By Aaron Hyden
PSDC College Football Contributor
The cornerstone of a great defense (some would say of an entire football team, in general) is a great defensive line. The pass rush that it creates makes life easier for the back end of the unit. Opposing running games would thrive in the open field without a great run defense at the line, clogging up holes. A good defensive lineman is often asked to do so many things these days, and the best ones do it with relative ease. The names on this list make great impacts on the games they play, whether it is being in a quarterback’s face every time they step back to throw the football, being ready to smash a running back before he can even get momentum built up, using his size advantage to affect a kicker’s attempts, or all of the above.
1. Joey Bosa, Defensive End, Ohio State – Many are calling Bosa the “next JJ Watt,” and for good reason. Bosa simply lives in opposing backfields, making life hell for anyone with a football in their hands. In his two seasons at OSU, he has a total of 99 tackles, 34.5 of them going for a loss, to go with 21 sacks and four forced fumbles… all while regularly being double-teamed or avoided altogether in the run game. Like Watt, Bosa plays with a great motor, always working hard and playing tough, no matter the score or situation.
At 6’6” and 275 pounds with a 4.7 40, Bosa is in the mold of the prototypical NFL defensive end. He has great strength, elite quickness, long arms, fast hands and he combines them with tremendous instincts to change games. As a pass rusher, he is multi-faceted, able to get to QBs whether he’s lined up on the inside or the outside. He sheds blocks as if they were set up by people half his size, doing so with a variety of different moves, meaning that opposing linemen have to be ready for any move at any time. Those moves also allow him to blow up holes and running room for RBs, closing up gaps as soon as they open. He is as close to unblockable as they come.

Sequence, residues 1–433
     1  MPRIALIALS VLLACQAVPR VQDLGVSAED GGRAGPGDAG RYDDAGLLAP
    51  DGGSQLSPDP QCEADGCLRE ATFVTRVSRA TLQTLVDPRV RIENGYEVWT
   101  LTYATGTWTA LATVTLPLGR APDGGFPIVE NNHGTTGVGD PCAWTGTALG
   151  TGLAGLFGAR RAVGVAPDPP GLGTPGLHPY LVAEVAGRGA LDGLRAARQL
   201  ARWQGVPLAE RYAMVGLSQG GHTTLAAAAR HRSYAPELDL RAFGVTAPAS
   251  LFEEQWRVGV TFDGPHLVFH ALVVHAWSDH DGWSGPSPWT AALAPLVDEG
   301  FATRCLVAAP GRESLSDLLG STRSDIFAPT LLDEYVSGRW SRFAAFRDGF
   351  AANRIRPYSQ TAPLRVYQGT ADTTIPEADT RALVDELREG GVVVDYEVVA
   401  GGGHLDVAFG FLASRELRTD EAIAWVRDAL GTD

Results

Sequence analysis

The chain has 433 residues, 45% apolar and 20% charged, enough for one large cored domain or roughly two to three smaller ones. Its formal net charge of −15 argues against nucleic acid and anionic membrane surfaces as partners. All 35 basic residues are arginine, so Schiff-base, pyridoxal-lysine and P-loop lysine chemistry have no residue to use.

If you’re going to look for any type of flaw, it would be that Bosa is so good at getting beyond his blocker that sometimes he can over pursue around the edge, leaving a bit of a gap for quicker QBs and RBs to take advantage of. If he can use discipline and improve that in 2015, he’ll be the first defender taken in the draft, and possibly the first player taken overall.
2. A’Shawn Robinson, Defensive Tackle, Alabama – At 6’4” and 320 pounds, Robinson is a human mountain, nearly impossible to push around. In football, that means one thing… you’re not running the ball against him. His strength and long arms make life difficult for anyone trying to block him, as he routinely muscles them back, stepping into running lanes right away.
The question on him is whether or not he can build up enough pass rush for the pro game. As a freshman, he led Alabama with 5.5 sacks, showing off surprising quickness for a man of his size. Last season, though, he didn’t record a single sack, and that has some wondering if he’s more of a one-dimensional lineman, or if he can step things up in 2015 and show he can defend the pass, too. 2015 will be a very important year for him in that regard. He should be the first defensive tackle taken in the draft, but if he doesn’t put up at least decent numbers in the pass rush game, could he be overtaken at his position by someone like Ohio State’s Adolphus Washington or Nebraska’s Maliek Collins, both of whom have better pass rush arsenals to go with their ability to contribute against the run?
3. Shilique Calhoun, Defensive End, Michigan State – He isn’t the flashiest of players, but he constantly puts up numbers. In the last two seasons, he has a total of 15.5 sacks to go with his 26.5 tackles for loss, and also has forced three fumbles. Calhoun is one of those players that may not quite get the recognition he deserves because he is good at so many things without being great at any of them. He isn’t the best pass rusher or run stopper in his class, but he still succeeds in both areas.
Clocking in at only 250 pounds, he needs to add size and strength for the NFL. Right now, he uses his 4.7 speed and really good athletic ability to get around blockers, but everything is faster in the pros, and he’ll need to develop a power game to go with that speed. Again, he sometimes gets lost in discussions because he isn’t as flashy as some of the other prospects, but there is no denying his talent, and he should be a first round selection, barring some sort of major setback in 2015.
Other names to look out for are Baylor’s Shawn Oakman, Ole Miss’ Robert Nkemdiche, Oklahoma State’s Emmanuel Ogbah and the aforementioned Adolphus Washington and Maliek Collins. The Defensive Line is another area that will be represented very well in the Draft, as is the case every year, with teams trying to get pressure on the ball in one way or another.
I’ll be looking at linebackers next, which is a position that has at least seven or eight prospects that are looking like possible first round choices next year. Another loaded position, making it a theme for the 2016 Draft thus far.